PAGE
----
Haehlen took great pride in the quality of the food he served and created a comfortable, welcoming environment full of music and hospitality. Soon the rundown old restaurant was doing a booming business. At breakfast time the place was packed and people shared the tables. As some of the wealthy merchants and bankers who worked in the bustling business district began to frequent the Pine Street Coffeehouse the cheerful cry, “Here comes another millionaire!” became common. Soon the popular coffeehouse got the unofficial name The Millionaire’s Club. Prominent Portlanders such as William C. Ladd, Edward and John Failing, Charles F. Beebe and George Dekum could be seen in the run down dining room; eating off of plain white plates with inexpensive “eating irons.”
By 1914 the old wooden building, which had survived numerous floods, was in bad repair. The foundation had partly washed away and the floor had a perceptible slope down and back toward the kitchen. The neighborhood was changing as the heart of the city moved west, away from the river, but the Pine Street Coffeehouse still had a great location. In the spring of 1914, the coffeehouse temporarily relocated to 3rd Avenue, across the street from the US Bank, while the old building was demolished and a new one built. In August, 1914 the Pine Street Coffeehouse reopened in a brand new building at its old location.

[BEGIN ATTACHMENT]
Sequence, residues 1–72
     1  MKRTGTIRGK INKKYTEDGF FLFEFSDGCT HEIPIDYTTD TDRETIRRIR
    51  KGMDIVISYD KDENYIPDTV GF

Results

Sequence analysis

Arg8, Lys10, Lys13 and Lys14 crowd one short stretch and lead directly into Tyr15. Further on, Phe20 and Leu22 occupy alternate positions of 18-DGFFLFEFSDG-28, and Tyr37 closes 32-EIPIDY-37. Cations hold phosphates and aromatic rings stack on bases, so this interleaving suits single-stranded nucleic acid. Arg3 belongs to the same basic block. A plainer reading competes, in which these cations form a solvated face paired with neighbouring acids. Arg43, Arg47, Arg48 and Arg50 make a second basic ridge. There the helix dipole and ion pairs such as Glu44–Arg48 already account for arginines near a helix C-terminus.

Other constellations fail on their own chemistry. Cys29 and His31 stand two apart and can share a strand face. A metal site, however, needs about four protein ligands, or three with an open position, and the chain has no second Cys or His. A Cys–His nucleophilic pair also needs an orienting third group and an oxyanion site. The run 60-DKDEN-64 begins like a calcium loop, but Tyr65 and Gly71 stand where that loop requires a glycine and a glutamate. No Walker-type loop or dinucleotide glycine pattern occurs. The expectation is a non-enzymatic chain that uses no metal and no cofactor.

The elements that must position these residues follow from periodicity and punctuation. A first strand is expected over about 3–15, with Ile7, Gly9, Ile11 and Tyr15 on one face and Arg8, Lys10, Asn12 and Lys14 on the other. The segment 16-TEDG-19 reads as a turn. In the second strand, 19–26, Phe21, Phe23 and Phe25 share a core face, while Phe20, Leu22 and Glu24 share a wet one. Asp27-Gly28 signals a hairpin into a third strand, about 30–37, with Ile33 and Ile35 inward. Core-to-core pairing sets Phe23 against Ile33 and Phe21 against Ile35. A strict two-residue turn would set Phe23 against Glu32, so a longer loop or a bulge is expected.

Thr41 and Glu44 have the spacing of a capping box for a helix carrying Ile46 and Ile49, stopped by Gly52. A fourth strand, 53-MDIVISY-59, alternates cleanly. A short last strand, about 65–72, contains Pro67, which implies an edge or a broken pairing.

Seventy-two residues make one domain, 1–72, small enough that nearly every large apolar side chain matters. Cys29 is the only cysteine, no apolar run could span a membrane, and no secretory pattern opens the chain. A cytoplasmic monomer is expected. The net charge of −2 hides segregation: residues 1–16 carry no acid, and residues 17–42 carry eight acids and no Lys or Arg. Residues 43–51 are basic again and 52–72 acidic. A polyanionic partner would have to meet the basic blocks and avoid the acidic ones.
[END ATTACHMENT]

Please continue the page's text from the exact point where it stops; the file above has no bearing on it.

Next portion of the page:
Emanuel Zeller, Joseph Fuchs, John Dorner and Chistian Zeller in the kitchen 1914. Photograph from Gotlieb Haehlen’s book Historical Sketch of the Pine Street Coffeehouse. Courtesy of the Multnomah Co. Library.
The new building opened just in time for the Great War, which ushered in the end of the popularity of coffeehouses in Portland. Many of Portland’s coffeehouses, which were undergoing a fad at the time, were owned by Serbians and became the focus of violence by German and Austrian Portlanders. On December 13, 1914 twenty Austrians attacked Pete Nick’s Coffeehouse on Northwest 14th Street where twenty Serbians were playing billiards. In the bitter five-minute battle that ensued every piece of furniture in the place and all the pool cues were broken and at least two men were hospitalized with serious injuries. That was the worst, but not the only case of violence.